- The RingTern program is a 10-week internship program, held quarterly
- Focus areas typically include: marketing, finance, sales, IT, engineering, HR, and legal
The days of internships that consisted of bewildered college students wandering around for a week and occasionally bringing coffee are long gone. Today, both interns and companies demand more—and RingCentral’s RingTern program is up to the challenge. We sat down with a few of the people who lead it to see where the program came from, where it is today, and what its future holds.
“I sat down with (VP of Employee Success) Alvin (Lam,)” said Kate Carmack, Senior Manager, Talent Brand and Programs, “…and we asked ourselves, “What is our goal here? What are we really trying to accomplish?” The answer was – let’s get students into positions where they can explore the career they’re going for, and see if it really fits true to size. Ask a Marketing major, for example, what they actually want to do within the field of marketing, and they’re like a deer in the headlights—of course they are. They haven’t done it yet. They don’t know what they don’t know. And that applies to probably 95% of the students out there. They chose a major, they’re pretty sure that’s what they want to do, but what really happens in that particular field, and is it a good fit? That’s what the RingTern program helps them find out.”
Finding the why
RingTerns hit the ground running, working on real-world projects, with real responsibilities and deadlines. University Recruiting Program Coordinator Jenn Fisher thinks that’s good for both the students and RingCentral.
“Students today are trained to question things and find out why – what’s the why behind this? They know how to identify challenges, identify gaps and solve them, not just continue to go through the motions because that’s “the way it’s always been done.” So a RingTern might experience one of our processes and say, “That’s great, but why are you taking nine steps to accomplish that when you only need four?” That’s valuable to both us and them.”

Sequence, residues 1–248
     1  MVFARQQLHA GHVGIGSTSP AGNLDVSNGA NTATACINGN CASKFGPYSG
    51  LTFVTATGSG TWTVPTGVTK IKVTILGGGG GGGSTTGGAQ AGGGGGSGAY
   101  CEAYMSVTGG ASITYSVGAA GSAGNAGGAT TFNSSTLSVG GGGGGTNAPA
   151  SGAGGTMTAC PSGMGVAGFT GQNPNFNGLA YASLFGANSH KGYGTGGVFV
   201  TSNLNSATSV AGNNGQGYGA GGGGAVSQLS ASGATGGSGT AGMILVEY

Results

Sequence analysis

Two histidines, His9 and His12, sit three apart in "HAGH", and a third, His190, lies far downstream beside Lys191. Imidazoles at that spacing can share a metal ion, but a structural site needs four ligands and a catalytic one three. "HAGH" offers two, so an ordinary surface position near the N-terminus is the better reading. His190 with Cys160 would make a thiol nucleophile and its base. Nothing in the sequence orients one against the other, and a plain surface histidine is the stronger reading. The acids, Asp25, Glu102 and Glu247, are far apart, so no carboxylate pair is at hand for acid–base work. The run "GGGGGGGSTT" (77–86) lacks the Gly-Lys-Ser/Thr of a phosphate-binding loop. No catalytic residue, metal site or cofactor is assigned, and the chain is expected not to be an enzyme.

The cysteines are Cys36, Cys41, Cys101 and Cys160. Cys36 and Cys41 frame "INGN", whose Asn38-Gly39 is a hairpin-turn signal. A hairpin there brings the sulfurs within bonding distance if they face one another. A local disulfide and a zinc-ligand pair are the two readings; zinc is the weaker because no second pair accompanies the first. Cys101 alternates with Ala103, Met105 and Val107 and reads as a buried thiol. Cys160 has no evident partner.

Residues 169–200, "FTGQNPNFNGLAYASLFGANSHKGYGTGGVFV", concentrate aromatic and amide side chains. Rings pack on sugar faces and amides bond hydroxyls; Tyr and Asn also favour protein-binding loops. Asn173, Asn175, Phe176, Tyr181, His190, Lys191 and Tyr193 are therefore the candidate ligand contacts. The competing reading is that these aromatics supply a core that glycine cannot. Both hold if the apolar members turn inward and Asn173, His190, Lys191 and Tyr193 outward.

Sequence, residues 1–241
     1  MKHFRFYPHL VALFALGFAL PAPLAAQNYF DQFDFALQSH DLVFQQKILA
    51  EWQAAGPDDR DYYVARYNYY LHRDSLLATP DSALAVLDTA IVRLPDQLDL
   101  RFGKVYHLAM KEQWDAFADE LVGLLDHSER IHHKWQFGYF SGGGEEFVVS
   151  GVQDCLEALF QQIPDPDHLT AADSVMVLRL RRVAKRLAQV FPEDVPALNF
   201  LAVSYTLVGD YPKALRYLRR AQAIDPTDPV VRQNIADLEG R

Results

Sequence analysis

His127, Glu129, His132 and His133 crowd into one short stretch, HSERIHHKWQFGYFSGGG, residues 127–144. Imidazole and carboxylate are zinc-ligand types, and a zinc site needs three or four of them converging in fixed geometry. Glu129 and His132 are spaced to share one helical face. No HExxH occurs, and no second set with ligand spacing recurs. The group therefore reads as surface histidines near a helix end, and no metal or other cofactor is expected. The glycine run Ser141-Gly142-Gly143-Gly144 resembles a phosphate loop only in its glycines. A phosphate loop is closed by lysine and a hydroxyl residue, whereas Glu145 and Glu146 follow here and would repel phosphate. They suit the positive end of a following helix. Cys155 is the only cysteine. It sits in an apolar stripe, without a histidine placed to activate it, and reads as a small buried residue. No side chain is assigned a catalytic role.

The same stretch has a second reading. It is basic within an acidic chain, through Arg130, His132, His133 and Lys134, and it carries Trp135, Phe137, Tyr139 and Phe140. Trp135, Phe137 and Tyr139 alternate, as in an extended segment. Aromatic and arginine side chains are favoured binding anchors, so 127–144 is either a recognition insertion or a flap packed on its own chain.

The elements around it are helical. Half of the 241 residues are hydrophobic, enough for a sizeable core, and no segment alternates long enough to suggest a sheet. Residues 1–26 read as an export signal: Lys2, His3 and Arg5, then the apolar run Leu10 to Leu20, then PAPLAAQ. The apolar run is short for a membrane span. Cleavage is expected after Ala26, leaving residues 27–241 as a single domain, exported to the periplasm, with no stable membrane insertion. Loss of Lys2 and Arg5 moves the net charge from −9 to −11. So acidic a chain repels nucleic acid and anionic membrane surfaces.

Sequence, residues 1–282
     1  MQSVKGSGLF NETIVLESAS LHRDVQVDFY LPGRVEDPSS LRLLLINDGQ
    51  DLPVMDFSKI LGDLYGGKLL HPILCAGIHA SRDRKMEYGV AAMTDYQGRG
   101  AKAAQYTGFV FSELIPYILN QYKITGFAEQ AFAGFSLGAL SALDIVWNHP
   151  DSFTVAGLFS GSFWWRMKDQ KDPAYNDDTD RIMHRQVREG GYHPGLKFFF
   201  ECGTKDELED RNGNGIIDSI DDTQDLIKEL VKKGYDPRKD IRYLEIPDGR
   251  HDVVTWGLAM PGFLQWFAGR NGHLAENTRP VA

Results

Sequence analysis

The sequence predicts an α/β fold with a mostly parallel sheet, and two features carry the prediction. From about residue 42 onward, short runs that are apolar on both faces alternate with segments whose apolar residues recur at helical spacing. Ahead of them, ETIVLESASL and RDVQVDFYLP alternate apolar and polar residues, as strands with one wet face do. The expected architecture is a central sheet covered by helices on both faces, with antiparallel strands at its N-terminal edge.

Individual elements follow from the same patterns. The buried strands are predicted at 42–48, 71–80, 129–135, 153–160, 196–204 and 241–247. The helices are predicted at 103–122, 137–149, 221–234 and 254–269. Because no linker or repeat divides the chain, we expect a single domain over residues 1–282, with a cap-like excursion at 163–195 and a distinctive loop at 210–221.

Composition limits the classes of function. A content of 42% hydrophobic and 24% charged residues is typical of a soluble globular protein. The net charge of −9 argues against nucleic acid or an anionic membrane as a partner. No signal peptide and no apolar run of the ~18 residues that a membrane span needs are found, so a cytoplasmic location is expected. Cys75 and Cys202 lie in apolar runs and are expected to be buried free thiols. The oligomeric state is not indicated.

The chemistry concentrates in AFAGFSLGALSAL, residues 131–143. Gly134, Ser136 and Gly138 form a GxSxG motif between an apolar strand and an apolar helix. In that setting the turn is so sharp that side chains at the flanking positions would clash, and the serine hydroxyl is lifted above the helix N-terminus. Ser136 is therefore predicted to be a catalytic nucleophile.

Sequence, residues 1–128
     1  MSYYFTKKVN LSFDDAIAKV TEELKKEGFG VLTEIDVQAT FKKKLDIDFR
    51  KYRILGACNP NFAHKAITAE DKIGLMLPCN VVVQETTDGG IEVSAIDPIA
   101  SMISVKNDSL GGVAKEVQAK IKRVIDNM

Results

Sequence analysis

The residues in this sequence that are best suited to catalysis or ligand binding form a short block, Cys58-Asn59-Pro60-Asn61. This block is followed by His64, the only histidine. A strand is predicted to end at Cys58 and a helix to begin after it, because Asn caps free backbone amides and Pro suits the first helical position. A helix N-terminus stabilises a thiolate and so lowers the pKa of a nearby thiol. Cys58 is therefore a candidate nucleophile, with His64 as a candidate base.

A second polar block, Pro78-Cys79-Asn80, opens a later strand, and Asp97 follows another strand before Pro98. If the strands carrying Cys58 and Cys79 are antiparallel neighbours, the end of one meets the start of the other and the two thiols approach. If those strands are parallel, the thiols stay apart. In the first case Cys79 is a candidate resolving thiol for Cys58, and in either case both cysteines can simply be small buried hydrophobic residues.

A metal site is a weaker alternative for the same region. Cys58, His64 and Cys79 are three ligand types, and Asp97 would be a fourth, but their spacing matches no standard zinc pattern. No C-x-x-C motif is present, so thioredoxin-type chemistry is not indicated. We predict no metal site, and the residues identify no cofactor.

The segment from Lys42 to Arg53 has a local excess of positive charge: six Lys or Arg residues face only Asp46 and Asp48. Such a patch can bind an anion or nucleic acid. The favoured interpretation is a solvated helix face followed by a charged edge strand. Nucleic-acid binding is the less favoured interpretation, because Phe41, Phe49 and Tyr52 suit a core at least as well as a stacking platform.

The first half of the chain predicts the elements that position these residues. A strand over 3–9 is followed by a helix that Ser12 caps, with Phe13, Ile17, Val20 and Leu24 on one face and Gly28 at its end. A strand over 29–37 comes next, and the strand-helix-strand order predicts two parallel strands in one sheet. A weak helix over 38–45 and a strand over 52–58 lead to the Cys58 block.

Network, network, network
The pandemic was tough on interns worldwide, with many companies being forced to suspend their programs entirely. The RingTern program went 100% virtual throughout the pandemic, with so much success the company was able to add a fourth, winter class for the first time. The program is shifting to a hybrid model soon, but according to Talent Program Specialist Paola Ausejo, everyone’s adapting well, even if the in-person contact is missed.
“In the past, RingTerns had those interactions that happen organically in the office that allowed them to network and learn; today you have to put yourself out there a little bit more from a networking standpoint; that’s our largest push – network, network, network. We try to put a lot of opportunities in front of them, because we know it’s difficult to do this in the remote space, but we make it as easy as possible for them to reach out to people and find different teams, community functions, employee resource groups and so forth to get involved in. We’d obviously rather be in-person all the time, but (the RingTerns) have made the best of it.”
According to Fisher, the shift to virtual internships has opened up unexpected opportunities.
“(Going virtual) actually increases opportunity because we’ve had a lot of students that have applied from New York and other parts of the east coast for positions in California, and in the past, the housing situation would have prevented them from participating. Now, more students have the opportunity to get involved in RingCentral who may not have been able to make it work from a housing perspective before.”
Seeing the Future
No one knows what the future of work is. From Carmack’s perspective, the RingTern program is a great way to get a preview.
“We’ve switched up our Innovation Challenge and asked the RingTerns to solve a problem statement looking at the future of work, and how we might make the transition to a hybrid model while maintaining an inclusive work environment. It’s literally an opportunity for them to change the way the future works. We’re not just asking them to drop a note in a suggestion box. Their voices matter to us. When their product ideas are strong enough, we produce that product. If their ideas about the future of work are strong enough, we’ll make that happen, as well.”